The company’s first paying customers began in 1868 with the use of steam/coal engines. Each steam locomotive ride up the mountain burns 1 short ton of coal and consumes 1,000 gallons of water. Today, they’re down to one steam/coal cog with the rest being more “eco-friendly” biodiesel-powered locomotives and they’re faster. The diesel gets you up in 35 minutes as opposed to the steam engine’s 65 minutes. Less polluting and faster…….sounds like a win, win!!

Our conductor was very knowledgeable and friendly. He also gave us plenty of warning of what to expect at the top. Though not the coldest/windiest day ever recorded, the temps today would be around 25 degrees F, with a windchill of 9 degrees F. Winds would be at around 40 to 50 mph. The highest ever recorded low has been minus 50 degrees F with a windchill of minus 110 degrees F. The highest winds ever recorded were 250 mph., classifying it as the windiest place on earth next to the natural phenomenons of hurricanes and tornadoes. Now you wouldn’t think a mountain of only 6,000 feet in elevation would have this kind of insaneness. But they say it’s the convergence of 3 different types of weather patterns that cause these conditions. In fact, many K2 and Everest adventure seekers train here since the conditions can be similar to what would be expected on those big mountains. The first fatality on Mt. Washington was a young woman...Lizzie Bourne, age 23 who succumbed to the harsh conditions back in September of 1855 while hiking with a few relatives to try and reach the summit. The tragedy is that she was only 100 yards from the top where she perished.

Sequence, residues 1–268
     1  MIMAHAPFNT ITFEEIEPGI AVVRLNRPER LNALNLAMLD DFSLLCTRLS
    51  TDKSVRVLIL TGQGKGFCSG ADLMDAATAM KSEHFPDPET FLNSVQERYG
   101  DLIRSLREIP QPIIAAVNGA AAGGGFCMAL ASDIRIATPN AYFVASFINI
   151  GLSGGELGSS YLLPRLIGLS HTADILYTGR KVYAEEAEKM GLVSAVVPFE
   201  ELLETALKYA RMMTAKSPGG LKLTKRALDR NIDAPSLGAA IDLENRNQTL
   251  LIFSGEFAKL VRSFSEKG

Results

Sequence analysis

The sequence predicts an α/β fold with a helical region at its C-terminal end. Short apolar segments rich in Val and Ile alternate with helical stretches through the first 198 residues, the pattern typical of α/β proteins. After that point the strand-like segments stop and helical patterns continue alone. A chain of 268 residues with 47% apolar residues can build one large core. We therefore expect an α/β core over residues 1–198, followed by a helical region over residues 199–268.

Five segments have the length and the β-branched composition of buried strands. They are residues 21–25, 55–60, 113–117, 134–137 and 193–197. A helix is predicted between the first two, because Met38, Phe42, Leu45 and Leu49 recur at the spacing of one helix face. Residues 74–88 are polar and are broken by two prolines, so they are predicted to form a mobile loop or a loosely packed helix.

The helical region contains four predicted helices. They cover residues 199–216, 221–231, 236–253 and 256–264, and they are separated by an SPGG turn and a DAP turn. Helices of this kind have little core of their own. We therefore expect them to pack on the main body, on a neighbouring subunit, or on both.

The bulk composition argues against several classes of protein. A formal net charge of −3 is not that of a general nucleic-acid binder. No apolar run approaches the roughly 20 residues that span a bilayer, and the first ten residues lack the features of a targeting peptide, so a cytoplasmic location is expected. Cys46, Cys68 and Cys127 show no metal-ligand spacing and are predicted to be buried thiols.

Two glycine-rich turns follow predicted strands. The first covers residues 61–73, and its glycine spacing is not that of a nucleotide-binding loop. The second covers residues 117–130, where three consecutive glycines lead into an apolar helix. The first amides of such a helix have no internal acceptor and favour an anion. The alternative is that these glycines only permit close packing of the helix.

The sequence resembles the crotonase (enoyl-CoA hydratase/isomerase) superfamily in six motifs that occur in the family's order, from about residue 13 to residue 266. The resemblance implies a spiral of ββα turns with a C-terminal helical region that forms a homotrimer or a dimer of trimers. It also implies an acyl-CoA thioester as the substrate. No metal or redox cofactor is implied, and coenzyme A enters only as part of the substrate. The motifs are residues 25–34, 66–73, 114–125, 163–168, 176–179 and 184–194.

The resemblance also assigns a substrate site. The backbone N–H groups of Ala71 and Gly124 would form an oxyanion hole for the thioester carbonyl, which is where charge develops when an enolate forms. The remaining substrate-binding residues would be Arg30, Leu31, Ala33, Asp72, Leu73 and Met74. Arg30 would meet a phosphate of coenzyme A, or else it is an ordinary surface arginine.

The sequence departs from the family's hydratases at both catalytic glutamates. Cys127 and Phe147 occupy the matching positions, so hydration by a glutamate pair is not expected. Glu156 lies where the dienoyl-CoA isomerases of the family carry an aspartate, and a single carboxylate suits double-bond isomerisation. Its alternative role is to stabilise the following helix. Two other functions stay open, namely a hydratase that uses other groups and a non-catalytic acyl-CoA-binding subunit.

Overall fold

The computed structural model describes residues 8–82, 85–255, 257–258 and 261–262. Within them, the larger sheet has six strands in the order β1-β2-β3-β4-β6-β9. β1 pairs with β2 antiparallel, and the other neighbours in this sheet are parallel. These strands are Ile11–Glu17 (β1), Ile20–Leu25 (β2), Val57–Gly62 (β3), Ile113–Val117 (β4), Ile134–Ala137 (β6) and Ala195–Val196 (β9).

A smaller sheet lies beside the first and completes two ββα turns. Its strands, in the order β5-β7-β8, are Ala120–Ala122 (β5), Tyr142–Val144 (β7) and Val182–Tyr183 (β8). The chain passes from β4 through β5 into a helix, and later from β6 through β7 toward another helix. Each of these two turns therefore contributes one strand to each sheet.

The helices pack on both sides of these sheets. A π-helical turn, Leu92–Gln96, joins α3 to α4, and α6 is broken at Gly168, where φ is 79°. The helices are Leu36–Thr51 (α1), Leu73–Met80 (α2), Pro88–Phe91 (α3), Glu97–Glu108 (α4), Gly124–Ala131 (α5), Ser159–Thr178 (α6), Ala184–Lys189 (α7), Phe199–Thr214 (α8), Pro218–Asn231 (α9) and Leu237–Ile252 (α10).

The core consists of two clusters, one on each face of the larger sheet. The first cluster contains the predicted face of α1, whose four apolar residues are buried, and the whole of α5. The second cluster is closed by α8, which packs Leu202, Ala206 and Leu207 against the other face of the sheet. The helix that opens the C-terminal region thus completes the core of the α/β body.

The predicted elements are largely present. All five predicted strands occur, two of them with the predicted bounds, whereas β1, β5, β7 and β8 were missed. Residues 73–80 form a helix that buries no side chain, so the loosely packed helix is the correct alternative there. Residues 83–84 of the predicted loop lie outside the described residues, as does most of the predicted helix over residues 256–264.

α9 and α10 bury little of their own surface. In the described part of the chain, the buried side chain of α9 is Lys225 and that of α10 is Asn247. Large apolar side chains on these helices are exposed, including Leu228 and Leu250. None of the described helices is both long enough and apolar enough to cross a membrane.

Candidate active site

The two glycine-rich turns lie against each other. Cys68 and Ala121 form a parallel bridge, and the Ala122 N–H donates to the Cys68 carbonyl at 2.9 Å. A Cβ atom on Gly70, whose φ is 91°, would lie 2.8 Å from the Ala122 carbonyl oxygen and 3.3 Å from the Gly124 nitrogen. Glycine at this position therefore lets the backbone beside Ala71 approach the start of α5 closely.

Mt. Washington’s Railway is the second steepest rack railway in the world next to the Pilatus Railway in Switzerland. As we made the 3-mile, 2.8 mph trek to the top, our guide pointed out the change in vegetation from beautiful deciduous pines/maples to the more coniferous, evergreen trees which can handle the cold a lot better. By the time you get to the top, they look more like shrubs than trees. But we also noticed what’s called Rime Ice. These beautiful ice formations occur when the perfect combination of wind, snow and rain hit any vertical surface, producing a horizontal fin (if you will). And they were everywhere, as we had snow at the top. It was just as our guide described…..insanely windy, cold (though we brought enough cold weather gear) and inhospitable.

If this is what Antarctica is like, I will not be buying a ticket to ride there any time soon. Everybody is allowed 1 hour at the top.

Instead of being like normal people and seeking shelter inside the “visitor center”, we headed out to the summit sign to take photos and look at the weather station up close. At 50 mph, you could barely even stand up. The wind force is unlike anything I’ve ever experienced. You must see the video (go to “more” on the menu at the top of our website and scroll to videos). It really was a hoot! The weather station/observation building is actually anchored down to the ground, just in case. There were guys we saw that hiked up the mountain which would be great IN THE SUMMERTIME people!! It’s actually very dangerous where with white out conditions, it’s easy to become disoriented losing sight of the trail marked by cairns.

After about an hour, everyone was ready to head back down the mountain to more hospitable conditions. The tour guide on the way down was hilarious as he had all of us in stitches cracking one joke after another with a deadpan face. But he also demonstrated a lot of class as he asked 4 questions….